The more software you install on your computer, the longer it may seem to take to start up Windows. Many programs add themselves to the list of programs started when you boot your computer, and that list can get long.
There are countless ways to copy files between computers, including great sync options like Dropbox, but if you just want to share one of your folders from your Mac to your Windows computer, you can do that easily.
If you’ve got loads of icons cluttering up your desktop, you might want a quick way to turn them off without using the context menu; here’s a quick and easy way to make a shortcut key to turn them on or off.
In today’s edition of Stupid Geek Tricks (where we show off little-known tricks to impress your non-geek friends), we’ll learn how to hide data in a text file that can’t be seen by anybody else unless they know the name of the secret compartment.
Whenever an application wants to make itself accessible over the network, it claims a TCP/IP port, which means that port can’t be used by anything else. So if you need to use an in-use port, how do you tell what application is holding it?
We’re always on the lookout for the simplest and easiest solution to perform a task, preferably while using the least amount of system resources. Here’s how to minimize to the system tray with a tiny little application helper.
It’s common knowledge that almost every single geek hates Internet Explorer with a passion, but have you ever wondered why? Let’s take a fair look at the history and where it all began… for posterity, if nothing else.
If you’ve configured Windows to automatically log you in rather than having to enter a password, you might find it annoying that you still need to enter a password when your PC comes out of sleep mode. Here’s the quick fix.
Command line interfaces can be downright boring and always seem to miss out on the fresh coats of paint liberally applied to the rest of Windows. Here’s how to add a splash of color to Command Prompt and make it unique.
If you want really quick access to launch a frequently used application without putting extra icons on your desktop, you can add that application to the context menu for the desktop with a simple registry hack. Here’s how to do it.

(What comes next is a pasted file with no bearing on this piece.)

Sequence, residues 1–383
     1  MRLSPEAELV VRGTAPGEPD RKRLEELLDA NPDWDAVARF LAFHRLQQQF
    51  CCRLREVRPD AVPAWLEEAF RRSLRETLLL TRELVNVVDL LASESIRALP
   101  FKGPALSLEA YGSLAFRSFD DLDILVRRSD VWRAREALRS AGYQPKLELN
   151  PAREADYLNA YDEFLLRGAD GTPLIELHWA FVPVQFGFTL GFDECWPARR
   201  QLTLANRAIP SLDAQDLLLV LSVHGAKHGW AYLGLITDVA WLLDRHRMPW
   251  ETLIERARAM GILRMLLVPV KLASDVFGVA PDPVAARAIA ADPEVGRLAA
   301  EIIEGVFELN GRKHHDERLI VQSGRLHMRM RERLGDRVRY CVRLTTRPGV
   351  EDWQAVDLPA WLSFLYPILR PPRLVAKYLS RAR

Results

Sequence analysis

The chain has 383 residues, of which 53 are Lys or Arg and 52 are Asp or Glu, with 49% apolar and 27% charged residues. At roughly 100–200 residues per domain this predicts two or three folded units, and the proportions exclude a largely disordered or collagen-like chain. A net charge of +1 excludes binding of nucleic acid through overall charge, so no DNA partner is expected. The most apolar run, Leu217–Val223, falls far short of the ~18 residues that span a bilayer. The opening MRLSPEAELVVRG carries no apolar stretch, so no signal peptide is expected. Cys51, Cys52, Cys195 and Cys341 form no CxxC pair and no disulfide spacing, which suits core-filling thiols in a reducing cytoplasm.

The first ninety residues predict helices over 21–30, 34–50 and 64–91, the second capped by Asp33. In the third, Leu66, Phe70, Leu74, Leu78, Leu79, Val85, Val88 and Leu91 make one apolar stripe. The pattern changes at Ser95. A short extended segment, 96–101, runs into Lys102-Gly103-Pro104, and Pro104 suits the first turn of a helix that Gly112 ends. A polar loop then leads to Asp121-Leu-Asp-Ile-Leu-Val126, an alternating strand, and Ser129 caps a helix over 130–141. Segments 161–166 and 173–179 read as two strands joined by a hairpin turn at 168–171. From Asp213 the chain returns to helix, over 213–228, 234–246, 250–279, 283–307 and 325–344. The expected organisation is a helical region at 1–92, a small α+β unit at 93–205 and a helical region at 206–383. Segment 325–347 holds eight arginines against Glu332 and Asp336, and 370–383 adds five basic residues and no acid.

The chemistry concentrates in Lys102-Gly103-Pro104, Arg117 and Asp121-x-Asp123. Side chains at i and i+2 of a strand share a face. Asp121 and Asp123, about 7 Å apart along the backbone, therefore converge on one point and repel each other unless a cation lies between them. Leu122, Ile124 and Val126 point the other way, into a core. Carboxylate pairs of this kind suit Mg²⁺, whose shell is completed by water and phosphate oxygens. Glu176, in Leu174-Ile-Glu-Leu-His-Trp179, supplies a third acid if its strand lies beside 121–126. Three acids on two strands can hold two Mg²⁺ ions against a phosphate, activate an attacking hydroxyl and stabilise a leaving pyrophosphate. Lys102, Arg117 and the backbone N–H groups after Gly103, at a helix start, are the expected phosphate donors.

Seems like every guide to securing your wireless network tells you to keep your SSID from broadcasting to make your network more secure, but is that really worthwhile? Let’s take a look at one of the silliest myths out there.
Has your Internet connection become slower than it should be? There may be a chance that you have some malware, spyware, or adware that is using your Internet connection in the background without your knowledge. Here’s how to see what’s going on under the hood.
It’s happened to everybody at some point—you go to install a new application, and Windows tells you to reboot first. Or reboot after. Or it asks you to close out of every other application first. Why does it do that?
Taking ownership of system files or folders in Windows is not a simple task. Whether you use the GUI or the command line, it takes far too many steps. This method works in Windows Vista, 7, 8, and 8.1, and it maybe works in XP, though you won’t need it there.
The new backup utilities in Windows 7 are actually pretty impressive and creating an image will be possible in all versions. Today we take a look at creating a backup image of your machine without the need for a third party utility like Ghost or True Image.
I’ve previously written about a way to enable or disable UAC from the command line. This is an easier method that you can use to do the same thing from the GUI interface in either Windows 7, 8, 8.1, or Vista. To recap my earlier article, UAC is ANNOYING.
When organizing your home network it’s easier to assign each computer it’s own IP address than using DHCP. Here we will take a look at doing it in XP, Vista, Windows 7, Windows 8 and Windows 8.1.
If you live in an apartment complex you’ve probably noticed more than just the passive-aggressive network IDs that your neighbors use—very likely you’ve had problems with your wireless connections dropping out, or just not being as fast as you’d like. Here’s a quick fix.
Changing this in XP was extremely simple, but in Windows 7, Windows 8, or Vista it’s buried behind a few more menus. Here are three routes you can take to open up System Properties:
Windows 7, 8, and Vista hide important files and folders from view to keep users from deleting or otherwise modifying files they shouldn’t, but a simple checkbox can change that behavior.
If you are a command line junkie like me, and have been testing out Windows 7 or Vista… one of the first things you’ll notice is that there is no way to run a command from the run box in “Administrator” mode. Until now.
The Windows Aero Glass interface for Windows 7 or Vista requires a decent video card, you won’t be able to use it on an old clunker computer. For those worried about performance, sometimes squeezing every last drop requires disabling Aero.
Windows 7, Windows 8, 8.1, and Vista include a built-in functionality in Disk Management to shrink and expand partitions. No more 3rd party utilities needed! It’s worth noting that many third-party utilities will be more feature-rich, but you can do the very basic stuff in Windows without adding anything new.
We’ve previously written about a tool that allows you to create a bunch of folders at one time from a list of words or phrases. However, what if you want to create one or more folders from a bunch of selected text files?
If you’ve ever wondered how to change the name of the person that Windows is registered to, this is the quick tip for you. It’s not all that useful, but it might come in handy if you got a computer from somebody else.